5. Since there is a lot of data which needs to be downloaded and extracted it is recommended to have atleast 2 GB of free space in the hard drive. The OSM data for London is around 150MB when zipped and it is almost 1.5 GB when extracted, so make sure you don’t run out of space. If you have multiple drives, please set your working directory to a drive with minimum 2GB space before running the function (the function does not changes the working directory at all, so all the downloads/ temporary files are kept in the current working directory)
6. Finally most important one is internet connection. The function was envisioned as a way to get data directly from the internet and the option to read local data is built to optimize the running time in consecutive runs. So the function makes a lot of references to internet and strictly requires internet connectivity to work. (I know this is absurd and am trying to build a work around. I realized this being a real problem when internet outage lasting for half a day in the UCL Halls left me paralyzed when developing the function)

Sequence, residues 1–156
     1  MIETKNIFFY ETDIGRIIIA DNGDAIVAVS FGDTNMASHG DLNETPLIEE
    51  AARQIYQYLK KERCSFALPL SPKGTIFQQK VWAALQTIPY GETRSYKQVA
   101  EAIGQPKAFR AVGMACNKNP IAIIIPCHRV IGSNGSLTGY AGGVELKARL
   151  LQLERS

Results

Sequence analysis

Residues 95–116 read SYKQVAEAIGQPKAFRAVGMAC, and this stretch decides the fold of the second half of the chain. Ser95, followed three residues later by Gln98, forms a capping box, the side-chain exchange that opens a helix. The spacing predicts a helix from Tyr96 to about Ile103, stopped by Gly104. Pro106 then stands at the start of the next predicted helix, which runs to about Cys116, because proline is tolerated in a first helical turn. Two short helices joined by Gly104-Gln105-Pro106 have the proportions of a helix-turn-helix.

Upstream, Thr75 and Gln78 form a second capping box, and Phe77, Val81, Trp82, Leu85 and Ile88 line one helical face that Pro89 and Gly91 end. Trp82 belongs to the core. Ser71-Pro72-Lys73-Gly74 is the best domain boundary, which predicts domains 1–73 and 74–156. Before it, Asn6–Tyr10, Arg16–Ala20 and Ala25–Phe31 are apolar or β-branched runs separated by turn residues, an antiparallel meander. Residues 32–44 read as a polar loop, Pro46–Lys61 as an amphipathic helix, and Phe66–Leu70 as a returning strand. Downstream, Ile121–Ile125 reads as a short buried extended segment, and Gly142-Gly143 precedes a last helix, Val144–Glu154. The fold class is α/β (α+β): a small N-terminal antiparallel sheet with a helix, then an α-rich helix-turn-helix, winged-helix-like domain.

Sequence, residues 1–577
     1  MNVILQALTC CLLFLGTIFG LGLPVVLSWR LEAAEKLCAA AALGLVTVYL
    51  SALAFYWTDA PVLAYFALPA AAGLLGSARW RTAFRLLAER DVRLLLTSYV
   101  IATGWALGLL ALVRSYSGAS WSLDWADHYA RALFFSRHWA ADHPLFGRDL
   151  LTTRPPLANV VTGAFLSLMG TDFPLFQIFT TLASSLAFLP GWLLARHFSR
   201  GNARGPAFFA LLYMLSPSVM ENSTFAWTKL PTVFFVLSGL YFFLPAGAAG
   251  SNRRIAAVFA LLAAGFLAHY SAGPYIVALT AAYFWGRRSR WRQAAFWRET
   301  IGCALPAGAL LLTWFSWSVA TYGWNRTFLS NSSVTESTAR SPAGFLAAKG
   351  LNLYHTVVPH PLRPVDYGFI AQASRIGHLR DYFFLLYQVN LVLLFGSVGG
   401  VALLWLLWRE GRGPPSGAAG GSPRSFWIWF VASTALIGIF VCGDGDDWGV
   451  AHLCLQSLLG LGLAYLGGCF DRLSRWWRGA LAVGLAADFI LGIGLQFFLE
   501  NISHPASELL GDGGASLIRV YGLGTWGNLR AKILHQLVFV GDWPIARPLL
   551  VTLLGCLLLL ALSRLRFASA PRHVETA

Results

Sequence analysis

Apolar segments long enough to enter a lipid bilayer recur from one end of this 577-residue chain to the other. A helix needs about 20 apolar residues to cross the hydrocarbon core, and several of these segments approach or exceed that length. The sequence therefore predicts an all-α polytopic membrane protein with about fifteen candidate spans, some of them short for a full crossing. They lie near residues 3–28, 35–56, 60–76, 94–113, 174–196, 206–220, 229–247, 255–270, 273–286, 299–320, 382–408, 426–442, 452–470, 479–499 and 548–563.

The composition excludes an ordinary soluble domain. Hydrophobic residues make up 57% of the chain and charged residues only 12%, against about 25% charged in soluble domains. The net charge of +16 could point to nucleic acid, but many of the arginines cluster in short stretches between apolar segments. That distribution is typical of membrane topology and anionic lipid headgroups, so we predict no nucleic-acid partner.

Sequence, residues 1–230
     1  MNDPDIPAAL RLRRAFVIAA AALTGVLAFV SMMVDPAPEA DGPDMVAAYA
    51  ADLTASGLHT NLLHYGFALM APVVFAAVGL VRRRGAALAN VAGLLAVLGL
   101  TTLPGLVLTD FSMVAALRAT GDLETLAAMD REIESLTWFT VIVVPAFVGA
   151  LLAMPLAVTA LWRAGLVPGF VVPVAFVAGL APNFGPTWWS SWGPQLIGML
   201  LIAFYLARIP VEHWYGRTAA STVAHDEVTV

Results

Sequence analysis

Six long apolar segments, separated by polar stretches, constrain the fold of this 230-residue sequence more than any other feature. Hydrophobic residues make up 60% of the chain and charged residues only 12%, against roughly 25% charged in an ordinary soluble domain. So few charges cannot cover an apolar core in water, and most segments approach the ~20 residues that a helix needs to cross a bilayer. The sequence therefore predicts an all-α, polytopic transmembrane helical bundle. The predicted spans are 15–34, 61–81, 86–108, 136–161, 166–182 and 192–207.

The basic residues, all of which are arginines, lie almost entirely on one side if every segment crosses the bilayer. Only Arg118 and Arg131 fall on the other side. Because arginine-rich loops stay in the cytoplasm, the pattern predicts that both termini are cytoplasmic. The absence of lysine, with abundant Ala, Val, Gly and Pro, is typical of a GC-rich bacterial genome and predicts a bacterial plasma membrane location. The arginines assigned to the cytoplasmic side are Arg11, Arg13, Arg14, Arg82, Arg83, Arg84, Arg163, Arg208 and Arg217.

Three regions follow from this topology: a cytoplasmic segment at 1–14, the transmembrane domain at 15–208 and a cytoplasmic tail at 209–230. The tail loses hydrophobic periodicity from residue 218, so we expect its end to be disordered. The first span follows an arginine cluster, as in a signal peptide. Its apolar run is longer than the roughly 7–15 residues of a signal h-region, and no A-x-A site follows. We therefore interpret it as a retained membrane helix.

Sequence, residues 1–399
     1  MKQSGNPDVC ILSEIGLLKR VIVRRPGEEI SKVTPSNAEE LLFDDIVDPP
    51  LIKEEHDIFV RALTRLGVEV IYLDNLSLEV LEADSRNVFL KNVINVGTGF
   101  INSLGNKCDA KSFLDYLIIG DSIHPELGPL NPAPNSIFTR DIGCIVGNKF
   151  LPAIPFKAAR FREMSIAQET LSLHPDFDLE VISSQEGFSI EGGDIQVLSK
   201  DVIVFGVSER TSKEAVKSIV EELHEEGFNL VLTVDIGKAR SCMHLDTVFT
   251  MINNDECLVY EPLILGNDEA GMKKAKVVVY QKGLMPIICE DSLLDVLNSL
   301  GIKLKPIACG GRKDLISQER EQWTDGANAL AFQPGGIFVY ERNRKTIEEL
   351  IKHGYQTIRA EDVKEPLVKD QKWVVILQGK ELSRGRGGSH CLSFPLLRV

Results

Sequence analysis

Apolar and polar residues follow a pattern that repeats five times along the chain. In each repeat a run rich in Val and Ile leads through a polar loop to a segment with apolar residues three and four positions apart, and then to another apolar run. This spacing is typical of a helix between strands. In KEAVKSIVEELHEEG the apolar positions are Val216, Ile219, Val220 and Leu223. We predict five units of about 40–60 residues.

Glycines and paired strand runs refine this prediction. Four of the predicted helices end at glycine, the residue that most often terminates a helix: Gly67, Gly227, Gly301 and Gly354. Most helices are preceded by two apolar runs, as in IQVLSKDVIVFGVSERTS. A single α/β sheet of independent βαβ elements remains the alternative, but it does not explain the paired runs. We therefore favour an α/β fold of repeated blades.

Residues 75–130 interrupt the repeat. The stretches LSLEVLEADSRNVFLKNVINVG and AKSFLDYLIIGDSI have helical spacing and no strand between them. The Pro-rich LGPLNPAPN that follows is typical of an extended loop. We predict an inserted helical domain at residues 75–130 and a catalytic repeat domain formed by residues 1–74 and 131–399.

name.object <- aosm (“world”, ”geo-filter”, ”tag-filter”, ”analysis”, ”type “)
“world” – A string, which is the name of the city for which the data to be developed. The string has to be in lowercases and if the city name has spaces in it, then it has to be replaced with “-“. (E.g. “london”, “san-francisco”). The script checks for local file availability in the current working directory and if it cannot find one, then it downloads it from the OSM extracts. There are three formats to supply this data locally: ‘.osm’ file, ‘.osm.pbf’ file or ‘osm.bz’ archive.
“geo-filter” – A string, which is the name of the area within the city for which the data has to be extracted.The string has to be in lowercases and if the name has spaces in it, then it has to be replaced with “-“. (E.g. “Islington”, “city-of-london”). It denotes the name of a .poly file which can be supplied locally or can be downloaded by the function from the internet. as of now, I have boundaries of all the boroughs in London hosted in the server (http://balaspa.50webs.com/poly/) and would be updating it as I get more time. The other way to supply the boundary file is to have a shape file in the current working directory named “boundary.shp” with the polygon you want to use with the name of the polygon in the attribute table under the header “NAME”. By default any shape file in the current directory with the name – “boundary.shp” will be converted into individual polygon files with the string in the “NAME” column as file names. for example, if you keep a london borough boundary shape file (with the name “boundary.shp”) in the working directory, the function will extract all the boroughs as .poly files.